Anniversary of Elvis’ death boosts tourism in his hometown

TUPELO, Mississippi (AP) — The birthplace and museum of Elvis Presley in Tupelo, Mississippi, has seen growing numbers of visitors as fans commemorate the 45th anniversary of Presley’s death and a new movie awakens the international interest in the singer.

Roy Turner was named executive director of Birthplace last fall following the retirement of longtime executive Dick Guyton.

The Northeast Mississippi Daily Journal reported that Turner’s biggest challenge was getting visitors back to Tupelo’s top attraction amid the COVID-19 pandemic. The birthplace has had more visitors this year than the past two years.

“It really picked up on April Fool’s Day with steady increases, and then when the movie came out, it really picked up again,” he said.

The film “Elvis” directed by Baz Luhrmann was a worldwide success. With international tourists typically accounting for 60% of Birthplace visitors, the film about the King of Rock ‘n’ Roll couldn’t have come at a better time.

Fans make an annual pilgrimage to Memphis, Tennessee, to attend events during “Elvis Week,” the annual celebration of his life and career in the days surrounding his death anniversary. The highlight is a candlelight vigil at Presley’s white-pillared Graceland mansion, where he died on August 16, 1977.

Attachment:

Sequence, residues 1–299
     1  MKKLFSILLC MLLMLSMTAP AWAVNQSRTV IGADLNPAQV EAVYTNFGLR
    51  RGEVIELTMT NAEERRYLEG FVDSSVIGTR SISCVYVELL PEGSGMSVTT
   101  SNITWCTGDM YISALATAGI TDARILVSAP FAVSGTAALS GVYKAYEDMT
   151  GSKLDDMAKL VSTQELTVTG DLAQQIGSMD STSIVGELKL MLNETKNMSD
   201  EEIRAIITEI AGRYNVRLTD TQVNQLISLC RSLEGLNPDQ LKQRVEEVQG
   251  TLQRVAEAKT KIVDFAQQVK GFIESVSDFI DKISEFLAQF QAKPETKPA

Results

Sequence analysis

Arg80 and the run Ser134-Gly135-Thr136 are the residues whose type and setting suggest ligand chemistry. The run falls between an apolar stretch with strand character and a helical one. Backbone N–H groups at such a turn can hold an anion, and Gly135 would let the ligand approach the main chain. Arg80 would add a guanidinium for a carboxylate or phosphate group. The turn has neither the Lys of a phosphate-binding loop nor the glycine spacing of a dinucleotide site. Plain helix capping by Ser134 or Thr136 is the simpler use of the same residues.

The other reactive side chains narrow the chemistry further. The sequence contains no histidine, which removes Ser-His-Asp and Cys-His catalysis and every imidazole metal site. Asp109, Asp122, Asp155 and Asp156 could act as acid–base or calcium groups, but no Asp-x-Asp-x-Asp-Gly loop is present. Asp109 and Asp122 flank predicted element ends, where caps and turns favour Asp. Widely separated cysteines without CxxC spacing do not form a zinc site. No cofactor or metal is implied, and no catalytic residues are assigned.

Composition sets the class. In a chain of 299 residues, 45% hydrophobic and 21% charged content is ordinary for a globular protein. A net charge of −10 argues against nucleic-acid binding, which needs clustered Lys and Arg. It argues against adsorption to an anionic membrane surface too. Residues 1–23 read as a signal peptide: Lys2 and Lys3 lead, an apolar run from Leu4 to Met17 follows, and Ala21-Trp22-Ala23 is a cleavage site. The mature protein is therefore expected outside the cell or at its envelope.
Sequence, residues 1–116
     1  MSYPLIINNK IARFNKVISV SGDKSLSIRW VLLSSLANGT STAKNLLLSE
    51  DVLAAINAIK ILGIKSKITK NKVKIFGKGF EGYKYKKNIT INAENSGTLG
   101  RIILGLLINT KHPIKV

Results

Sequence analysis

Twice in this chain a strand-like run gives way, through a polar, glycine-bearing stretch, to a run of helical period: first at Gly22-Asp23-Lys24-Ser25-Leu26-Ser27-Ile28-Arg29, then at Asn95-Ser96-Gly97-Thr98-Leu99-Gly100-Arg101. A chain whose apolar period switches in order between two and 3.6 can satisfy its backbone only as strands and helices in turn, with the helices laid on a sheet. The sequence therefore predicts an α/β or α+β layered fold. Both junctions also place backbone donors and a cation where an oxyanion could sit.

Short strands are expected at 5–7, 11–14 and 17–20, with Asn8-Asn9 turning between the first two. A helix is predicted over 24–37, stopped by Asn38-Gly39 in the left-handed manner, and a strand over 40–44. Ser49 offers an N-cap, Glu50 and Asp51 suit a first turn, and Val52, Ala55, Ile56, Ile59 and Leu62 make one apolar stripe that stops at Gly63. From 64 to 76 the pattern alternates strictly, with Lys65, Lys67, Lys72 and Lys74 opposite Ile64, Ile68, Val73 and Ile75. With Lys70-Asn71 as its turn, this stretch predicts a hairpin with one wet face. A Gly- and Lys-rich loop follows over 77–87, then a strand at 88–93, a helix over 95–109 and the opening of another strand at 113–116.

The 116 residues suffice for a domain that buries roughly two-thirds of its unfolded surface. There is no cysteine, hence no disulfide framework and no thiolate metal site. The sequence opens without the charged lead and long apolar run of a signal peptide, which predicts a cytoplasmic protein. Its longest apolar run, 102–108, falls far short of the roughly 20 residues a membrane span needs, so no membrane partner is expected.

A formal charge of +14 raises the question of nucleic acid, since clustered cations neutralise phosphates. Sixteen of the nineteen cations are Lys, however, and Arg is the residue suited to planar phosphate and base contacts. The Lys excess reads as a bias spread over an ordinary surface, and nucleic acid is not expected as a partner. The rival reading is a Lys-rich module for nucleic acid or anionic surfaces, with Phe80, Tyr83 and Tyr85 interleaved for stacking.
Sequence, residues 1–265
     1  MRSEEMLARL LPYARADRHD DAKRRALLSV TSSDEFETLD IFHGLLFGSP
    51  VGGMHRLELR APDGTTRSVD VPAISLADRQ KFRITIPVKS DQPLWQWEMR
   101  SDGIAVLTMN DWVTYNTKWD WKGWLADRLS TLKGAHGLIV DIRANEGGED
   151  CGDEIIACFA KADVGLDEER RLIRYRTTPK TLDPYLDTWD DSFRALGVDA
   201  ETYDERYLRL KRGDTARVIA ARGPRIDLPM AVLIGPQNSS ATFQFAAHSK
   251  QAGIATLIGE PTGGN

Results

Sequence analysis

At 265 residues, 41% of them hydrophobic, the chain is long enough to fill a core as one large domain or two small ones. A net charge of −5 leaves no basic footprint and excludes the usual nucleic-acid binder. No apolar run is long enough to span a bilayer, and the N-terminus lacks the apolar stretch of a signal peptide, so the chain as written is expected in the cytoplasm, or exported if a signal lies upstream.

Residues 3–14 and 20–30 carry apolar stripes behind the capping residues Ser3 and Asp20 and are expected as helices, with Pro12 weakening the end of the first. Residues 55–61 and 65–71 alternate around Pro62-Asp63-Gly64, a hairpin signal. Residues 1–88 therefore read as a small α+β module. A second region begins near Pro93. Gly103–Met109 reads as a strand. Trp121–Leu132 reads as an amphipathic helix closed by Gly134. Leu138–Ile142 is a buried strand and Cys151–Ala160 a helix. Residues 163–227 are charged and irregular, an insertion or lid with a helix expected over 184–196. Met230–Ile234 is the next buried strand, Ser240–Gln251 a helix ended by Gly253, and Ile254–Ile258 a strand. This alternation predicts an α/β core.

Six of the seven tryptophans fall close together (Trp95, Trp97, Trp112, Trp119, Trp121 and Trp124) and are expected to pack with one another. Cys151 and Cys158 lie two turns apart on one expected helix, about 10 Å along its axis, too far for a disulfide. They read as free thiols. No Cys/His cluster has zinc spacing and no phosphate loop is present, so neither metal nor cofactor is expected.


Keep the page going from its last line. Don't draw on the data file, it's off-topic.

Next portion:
During the vigil, worshipers carry candles as they solemnly walk through the meditation garden, where Presley is buried alongside relatives. This year, thousands of fans attended the vigil which began Monday evening and ended Tuesday morning.

Tupelo’s birthplace is about 151 kilometers southeast of Graceland. Turner said it was only last November that a busload of visitors became the first group of international tourists to the site since January 2020.

“They come from all over the world,” Turner said.

He said around 20 people from Belgium visited the birthplace on August 9, spending most of the day there. Around 35 bus tours were expected in just over two weeks. Turner said those numbers are approaching pre-COVID levels.

Before the pandemic, the Berceau welcomed around 60,000 visitors a year.

Turner said birthplace tourism typically increases “in five-year increments” beginning on the anniversary of death.

Turner said he was happy to see more visitors, including younger ones.

“We’ve seen a lot of young people take an interest in Elvis,” he said. “Another interesting thing is that there are also more African-American visitors, because the movie says more about Elvis’ connection to the African-American community.”

About Bobby F. Lopez

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